'that what such people miscall their religion, is a vent for their bad humours and arrogance.

Category: Mind | Type: Discussion | Title: David Copperfield (in Context) | Author: Charles Dickens | Ch: Return

Mrs. Chillip is savvy in her speculations that the practice of religion can camouflage mental aberrations.

Dickens's emerging point, developed more in later novels, is that hypocrisy is less a matter of moral calculation than an unconscious stratagem whose roots are in the psyche itself. It is not a large step to saying that dogma itself is the construction and projection of psyches that are working out their own desires and fears through institutionalized thought. (Dickens was for a time a Unitarian.)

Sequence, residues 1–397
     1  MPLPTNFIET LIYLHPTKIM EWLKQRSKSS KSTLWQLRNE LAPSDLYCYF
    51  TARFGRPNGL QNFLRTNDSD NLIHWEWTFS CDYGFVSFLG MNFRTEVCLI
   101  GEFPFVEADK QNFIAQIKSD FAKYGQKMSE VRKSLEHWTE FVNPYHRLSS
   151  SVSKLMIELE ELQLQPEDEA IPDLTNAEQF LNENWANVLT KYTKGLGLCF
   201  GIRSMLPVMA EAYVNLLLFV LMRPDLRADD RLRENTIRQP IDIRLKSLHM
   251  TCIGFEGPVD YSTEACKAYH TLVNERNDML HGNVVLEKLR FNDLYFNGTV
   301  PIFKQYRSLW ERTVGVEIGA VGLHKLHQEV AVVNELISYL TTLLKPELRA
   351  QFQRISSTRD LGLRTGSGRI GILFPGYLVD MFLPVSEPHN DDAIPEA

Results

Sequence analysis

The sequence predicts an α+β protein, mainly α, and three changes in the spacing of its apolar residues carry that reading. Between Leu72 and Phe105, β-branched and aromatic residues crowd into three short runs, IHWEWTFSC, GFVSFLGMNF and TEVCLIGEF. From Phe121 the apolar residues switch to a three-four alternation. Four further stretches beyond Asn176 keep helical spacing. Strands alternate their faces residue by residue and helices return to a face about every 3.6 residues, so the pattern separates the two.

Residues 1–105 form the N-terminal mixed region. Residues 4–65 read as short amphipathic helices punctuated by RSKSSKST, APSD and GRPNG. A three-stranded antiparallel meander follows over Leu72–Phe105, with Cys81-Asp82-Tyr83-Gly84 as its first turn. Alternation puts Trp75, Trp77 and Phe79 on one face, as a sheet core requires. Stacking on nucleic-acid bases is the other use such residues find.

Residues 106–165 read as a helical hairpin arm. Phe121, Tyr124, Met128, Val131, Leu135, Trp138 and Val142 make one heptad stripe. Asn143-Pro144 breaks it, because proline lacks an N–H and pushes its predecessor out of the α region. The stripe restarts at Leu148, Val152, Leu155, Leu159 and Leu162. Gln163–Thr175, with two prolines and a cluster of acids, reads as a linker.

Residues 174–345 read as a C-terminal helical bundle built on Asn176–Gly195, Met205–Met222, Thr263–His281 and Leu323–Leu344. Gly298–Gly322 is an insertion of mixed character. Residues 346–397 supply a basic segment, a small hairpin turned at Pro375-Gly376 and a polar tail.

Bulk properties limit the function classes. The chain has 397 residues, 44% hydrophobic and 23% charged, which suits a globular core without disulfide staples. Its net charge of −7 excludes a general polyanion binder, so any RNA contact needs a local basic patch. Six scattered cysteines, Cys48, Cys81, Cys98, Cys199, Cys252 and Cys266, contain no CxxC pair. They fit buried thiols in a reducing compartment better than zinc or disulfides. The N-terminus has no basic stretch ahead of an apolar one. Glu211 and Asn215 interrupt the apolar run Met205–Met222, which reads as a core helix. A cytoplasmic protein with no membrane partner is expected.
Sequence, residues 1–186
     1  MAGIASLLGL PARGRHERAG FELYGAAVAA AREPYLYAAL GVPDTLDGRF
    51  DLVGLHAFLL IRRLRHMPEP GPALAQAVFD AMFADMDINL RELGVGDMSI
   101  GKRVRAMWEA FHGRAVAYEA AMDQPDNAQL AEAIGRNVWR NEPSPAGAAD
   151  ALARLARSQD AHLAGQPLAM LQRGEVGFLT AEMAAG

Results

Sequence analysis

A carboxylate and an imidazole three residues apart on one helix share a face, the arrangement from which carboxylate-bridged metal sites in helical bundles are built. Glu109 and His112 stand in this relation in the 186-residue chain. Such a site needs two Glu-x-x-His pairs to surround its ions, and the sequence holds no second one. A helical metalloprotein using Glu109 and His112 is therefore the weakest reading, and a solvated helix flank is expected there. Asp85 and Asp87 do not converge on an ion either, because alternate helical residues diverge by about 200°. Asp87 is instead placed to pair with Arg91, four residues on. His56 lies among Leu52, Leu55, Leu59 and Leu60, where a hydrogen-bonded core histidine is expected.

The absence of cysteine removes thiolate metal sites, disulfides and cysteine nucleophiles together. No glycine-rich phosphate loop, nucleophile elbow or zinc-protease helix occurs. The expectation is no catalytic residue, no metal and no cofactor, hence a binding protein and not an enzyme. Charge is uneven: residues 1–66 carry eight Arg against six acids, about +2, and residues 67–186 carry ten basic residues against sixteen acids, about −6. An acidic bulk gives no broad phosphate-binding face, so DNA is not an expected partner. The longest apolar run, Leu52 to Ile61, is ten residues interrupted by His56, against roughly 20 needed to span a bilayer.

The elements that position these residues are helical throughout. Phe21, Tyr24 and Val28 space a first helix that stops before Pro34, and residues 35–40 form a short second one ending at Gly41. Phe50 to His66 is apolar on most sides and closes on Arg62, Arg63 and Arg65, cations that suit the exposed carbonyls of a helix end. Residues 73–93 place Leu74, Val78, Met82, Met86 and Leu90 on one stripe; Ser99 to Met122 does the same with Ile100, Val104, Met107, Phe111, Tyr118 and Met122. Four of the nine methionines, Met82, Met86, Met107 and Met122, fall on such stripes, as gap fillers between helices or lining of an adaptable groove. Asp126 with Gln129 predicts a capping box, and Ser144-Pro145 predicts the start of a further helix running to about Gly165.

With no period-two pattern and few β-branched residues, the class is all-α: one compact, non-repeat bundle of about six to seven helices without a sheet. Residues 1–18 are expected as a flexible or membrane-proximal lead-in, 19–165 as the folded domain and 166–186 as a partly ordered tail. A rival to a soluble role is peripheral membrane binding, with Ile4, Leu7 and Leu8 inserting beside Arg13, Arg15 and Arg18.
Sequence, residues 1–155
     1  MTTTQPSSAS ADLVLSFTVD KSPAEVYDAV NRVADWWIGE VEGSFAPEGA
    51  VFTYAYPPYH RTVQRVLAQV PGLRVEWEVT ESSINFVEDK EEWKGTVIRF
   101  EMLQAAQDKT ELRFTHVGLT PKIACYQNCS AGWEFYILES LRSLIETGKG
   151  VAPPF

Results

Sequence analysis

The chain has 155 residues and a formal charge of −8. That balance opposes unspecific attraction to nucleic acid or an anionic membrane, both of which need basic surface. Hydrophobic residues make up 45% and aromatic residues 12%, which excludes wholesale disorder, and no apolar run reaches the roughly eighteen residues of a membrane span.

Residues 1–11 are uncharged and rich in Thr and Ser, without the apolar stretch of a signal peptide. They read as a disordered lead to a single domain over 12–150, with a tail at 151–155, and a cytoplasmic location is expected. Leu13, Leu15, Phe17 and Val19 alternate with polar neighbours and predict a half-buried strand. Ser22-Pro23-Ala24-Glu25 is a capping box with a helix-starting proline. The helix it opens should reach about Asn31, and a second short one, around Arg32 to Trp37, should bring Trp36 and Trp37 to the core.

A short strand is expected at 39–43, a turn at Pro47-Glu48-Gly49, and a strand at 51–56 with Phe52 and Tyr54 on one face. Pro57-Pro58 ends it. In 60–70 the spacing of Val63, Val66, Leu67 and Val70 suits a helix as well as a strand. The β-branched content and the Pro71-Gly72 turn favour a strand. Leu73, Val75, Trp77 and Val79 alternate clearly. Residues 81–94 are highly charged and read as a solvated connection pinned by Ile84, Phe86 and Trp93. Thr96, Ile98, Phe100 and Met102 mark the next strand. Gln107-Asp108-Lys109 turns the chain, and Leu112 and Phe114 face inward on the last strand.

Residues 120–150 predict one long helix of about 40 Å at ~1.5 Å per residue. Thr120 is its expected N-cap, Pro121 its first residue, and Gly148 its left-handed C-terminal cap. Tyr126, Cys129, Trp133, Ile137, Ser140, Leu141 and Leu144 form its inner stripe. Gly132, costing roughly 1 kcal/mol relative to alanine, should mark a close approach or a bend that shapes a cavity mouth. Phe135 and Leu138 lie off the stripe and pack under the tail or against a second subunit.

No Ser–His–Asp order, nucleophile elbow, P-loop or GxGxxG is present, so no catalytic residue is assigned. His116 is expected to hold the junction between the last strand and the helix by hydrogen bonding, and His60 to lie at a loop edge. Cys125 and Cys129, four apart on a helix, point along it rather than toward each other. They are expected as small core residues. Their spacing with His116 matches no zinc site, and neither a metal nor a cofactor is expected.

Like a number of others in 19th-century England, beginning with Blake, Dickens sought to return to the New Testament's depiction of a Jesus devoted to children, the poor, and the simple, humble, and ignored, a human Jesus before Christianity in its many conflicting sects reconstructed Jesus to serve their own ends. 

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